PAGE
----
5. Yep, agreed. There's your big advantage for going the 64-bit route, but it's potentially full of headaches right now, so I'd heed Yoozer's advice. well....no, not really. It can be confusing, but I think you're mixing up terminologies. Sonar's 64 bit architecture means that the program can read memory addresses that have (at most) 64 bits (slots for storing binary info). This gives the program the ability to understand numbers like 8,796,093,022,208 (the number of bits in a terabyte) where a 32 bit architecture wouldn't have enough "places" to understand something that large. It is also important for being able to understand very small numbers. Sonar isn't doing the sampling though, your soundcard is. That's where recording bit depth comes in. First, to clarify, bit depth doesn't specify the number of times your amplitude gets measured. That's determined by the sampling frequency (for example 44,100 samples per second). Bit depth determines how accurately each one of those 44,100 samples in a second can be represented. As an illustration, let's say that the amplitude of one of your samples is actually 0.987795739237492 in whatever units. A bit-depth of 4 would represent that as 0.9 (it can essentially only represent 1 decimal place). A 24 bit recording would record that as 0.9877957. As you see, you have the ability to represent sound more accurately. As you said, you get more leeway before clipping with higher bit depth recording. Why? Well let's say you have two adjacent samples of value 0.987795739237492 and 0.987796987564456. Even though the values are actually different, the 4 bit recording would record those as 0.9, 0.9. Get enough of the same amplitude values in a row (even just 2 or 3 can be audible) and you have clipping. The 24 bit recording would give those two values as 0.9877957, 0.9877969. Two distinct values and you're less likely to have an audible artifact.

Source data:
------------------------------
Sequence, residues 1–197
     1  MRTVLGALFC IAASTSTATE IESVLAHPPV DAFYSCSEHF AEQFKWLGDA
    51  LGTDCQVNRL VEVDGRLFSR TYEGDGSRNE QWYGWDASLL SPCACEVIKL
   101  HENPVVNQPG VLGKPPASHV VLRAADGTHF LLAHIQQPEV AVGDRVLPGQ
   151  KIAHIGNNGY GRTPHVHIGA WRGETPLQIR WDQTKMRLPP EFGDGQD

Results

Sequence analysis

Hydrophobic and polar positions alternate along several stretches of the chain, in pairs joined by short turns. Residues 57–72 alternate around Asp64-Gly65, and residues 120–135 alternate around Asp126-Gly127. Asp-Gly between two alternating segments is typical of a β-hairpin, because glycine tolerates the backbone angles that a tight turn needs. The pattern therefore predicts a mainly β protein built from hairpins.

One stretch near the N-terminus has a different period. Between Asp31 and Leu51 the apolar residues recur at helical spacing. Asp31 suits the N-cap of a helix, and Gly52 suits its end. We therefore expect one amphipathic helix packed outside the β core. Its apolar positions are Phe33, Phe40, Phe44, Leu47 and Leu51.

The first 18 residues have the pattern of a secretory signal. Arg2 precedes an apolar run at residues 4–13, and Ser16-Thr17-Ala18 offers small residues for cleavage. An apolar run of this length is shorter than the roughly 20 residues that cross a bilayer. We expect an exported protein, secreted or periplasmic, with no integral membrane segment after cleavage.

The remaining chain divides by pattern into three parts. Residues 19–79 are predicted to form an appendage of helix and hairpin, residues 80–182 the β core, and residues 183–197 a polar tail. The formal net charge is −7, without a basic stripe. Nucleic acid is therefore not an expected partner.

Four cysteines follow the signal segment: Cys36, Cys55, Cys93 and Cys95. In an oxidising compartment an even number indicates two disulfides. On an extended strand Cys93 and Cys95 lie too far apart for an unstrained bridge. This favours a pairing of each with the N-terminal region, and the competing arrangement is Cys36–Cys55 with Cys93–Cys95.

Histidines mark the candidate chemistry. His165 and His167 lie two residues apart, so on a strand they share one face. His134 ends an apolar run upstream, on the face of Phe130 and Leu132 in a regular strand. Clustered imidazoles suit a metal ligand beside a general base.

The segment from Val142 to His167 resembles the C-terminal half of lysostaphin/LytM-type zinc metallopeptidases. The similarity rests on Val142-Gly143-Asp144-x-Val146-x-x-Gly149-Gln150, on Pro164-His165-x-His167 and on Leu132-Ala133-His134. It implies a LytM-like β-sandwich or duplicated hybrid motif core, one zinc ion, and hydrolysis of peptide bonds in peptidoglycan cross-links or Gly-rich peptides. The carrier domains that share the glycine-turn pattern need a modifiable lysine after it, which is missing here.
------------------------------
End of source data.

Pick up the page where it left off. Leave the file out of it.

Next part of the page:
6. Harmony

    Chrome OS